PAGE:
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Monday was a busy day of adventures around Antelope Park. We spent the late afternoon helping around the camp. We helped to fix the walking bridge (a Tetris game of new and old planks!), helped in the kitchen (where we chopped onions until we cried), did laundry (with a vintage iron press), and worked on grounds (where we learned about the behind the scenes of A.P.). Most of the people that we worked with this afternoon were the parents of the kids we had met in the school earlier this week. We hoped that by helping this afternoon, the staff would have more energy for their kids at night. These people work amazingly hard, and we were humbled by their willingness to chat and share stories while we tried to help in a small way. This afternoon we went and visited a community project that feeds the homeless street kids of Gweru. With our fundraising efforts we managed to provide them a cooked meal. That gave them a break from street life and a chance to just be kids. We then played them in a game of soccer on the community fields where we lost narrowly 4-3. The best Shawnigan team they said they have seen.

To be honest this last 3 days were the most amazing time of my life where I had my perspective changed many times through all the different experiences that I’ve been through. To start this place is completely beyond my expectations. During breakfast, lunch, and dinner they have been bombarding us with the most delicious food I’ve ever eaten. Also, it amazed me how happy they are with so little that they have. Zimbabwe people the probably the most welcoming and happy people that I’ve ever seen. One of the things that stand out during this trip was during one of our activities where we were teaching kids of grade 6 about Canada. After we went with the kids to their school and one of the kids pulled out his only 50 cents and brought me out and bought a snack for me and him just because he wanted me to try it out. Overall, it’s being an amazing time with this awesome crew in the best place in the world.

There are no words to describe how incredible our experience at Antelope park for the last three days. We have done so much in such little time and have gathered so many memories and  grown so much as a team. Working with the children has been so inspiring to me. Seeing how joyful and giving they are and seeing how happy they are contagiously brighten all of our faces. We have also had the privilege to interact and walk with lion cubs as well as feeding full grown lions. I am looking forward to the rest of this amazing trip.

Zimbabwe has treated us well! The food, the people, places, adventures and animals. We have seen a lot of wildlife including elephants, giraffes, zebra, wildebeest, lemurs and a full day of hanging with lions. The other night we sat out on our patio and a few of us were writing our journals and the monkey were in trees behind us and a lemur was in clear view and it was sucking on the tree. The children and community is very welcoming, we have worked with three different groups of school kids and they have taught me about their life, culture, language and games. Since it is winter in Africa, as soon as the sun goes down we have about 5 minutes until we are in are big winter jackets. We have been staying at antelope park for the past few days and the park is incredible, amazing food and the staff is so kind.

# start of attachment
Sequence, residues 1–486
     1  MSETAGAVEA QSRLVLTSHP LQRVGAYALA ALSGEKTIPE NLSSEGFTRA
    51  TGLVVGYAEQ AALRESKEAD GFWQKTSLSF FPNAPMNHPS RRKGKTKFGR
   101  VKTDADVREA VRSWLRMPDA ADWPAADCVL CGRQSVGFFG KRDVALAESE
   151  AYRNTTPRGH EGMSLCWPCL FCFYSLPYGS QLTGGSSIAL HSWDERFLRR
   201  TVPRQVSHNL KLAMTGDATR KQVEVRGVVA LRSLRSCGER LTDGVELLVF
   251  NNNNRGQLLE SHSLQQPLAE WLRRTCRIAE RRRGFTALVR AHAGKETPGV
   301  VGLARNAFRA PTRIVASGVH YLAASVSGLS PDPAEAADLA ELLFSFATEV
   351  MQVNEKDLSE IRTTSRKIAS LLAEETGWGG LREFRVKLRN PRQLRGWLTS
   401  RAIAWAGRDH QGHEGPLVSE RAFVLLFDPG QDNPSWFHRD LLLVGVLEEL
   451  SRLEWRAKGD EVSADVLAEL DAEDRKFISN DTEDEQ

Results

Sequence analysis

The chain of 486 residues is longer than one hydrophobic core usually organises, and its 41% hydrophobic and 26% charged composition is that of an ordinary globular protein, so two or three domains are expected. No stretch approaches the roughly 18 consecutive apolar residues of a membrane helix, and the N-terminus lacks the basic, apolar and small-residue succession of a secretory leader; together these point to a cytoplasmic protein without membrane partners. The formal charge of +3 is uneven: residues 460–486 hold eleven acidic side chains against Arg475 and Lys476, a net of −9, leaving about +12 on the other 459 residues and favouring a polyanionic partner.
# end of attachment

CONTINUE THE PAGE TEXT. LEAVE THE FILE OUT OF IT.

The past few days have exceed all my expectations. We have done so much it feels like we have been here for a month. The experiences are unbelievable and unforgettable. We first helped kids read, and helped them learn about wild life conservation. The excitement and joyfulness these young kids had was amazing and inspiring. The lion walking was an unreal experience as well. Being here for only 3 days has already had a significant impact on me, I cannot wait for the rest of the work we do.

Since I came here I’ve been impressed by how grateful and giving people can be in any situation. Whenever we drive in the town, little children and even the adults are so welcoming and cheerful which makes my heart melt. Also, the beautiful environment and the animals we are surrounded by is just amazing. Every experience is nothing I have ever had before, and I will never forget. I am so glad that I came to this trip, because this trip has been the best learning experience for me.

So far on this trip we have been fortunate enough to stay at Antelope Park. We’ve got to work with inspiring kids who have the biggest smiles on there faces and can’t help but put a smile on ours! I have made so many memories from these kids and they are truly astonishing. Today I got to work with lions, feeding them and going on a walk with the cubs! It has been an amazing three days so far and I look forward to the rest of the trip! Then after lunch I got to help put in the kitchen and see all the hard work and effort they put into our meals. It was very fun talking to the different chefs and hearing there stories! The fact that I’ve only been here for three days  amazes me as I feel I’ve been here forever! I love the work we’ve been doing and can’t wait for more.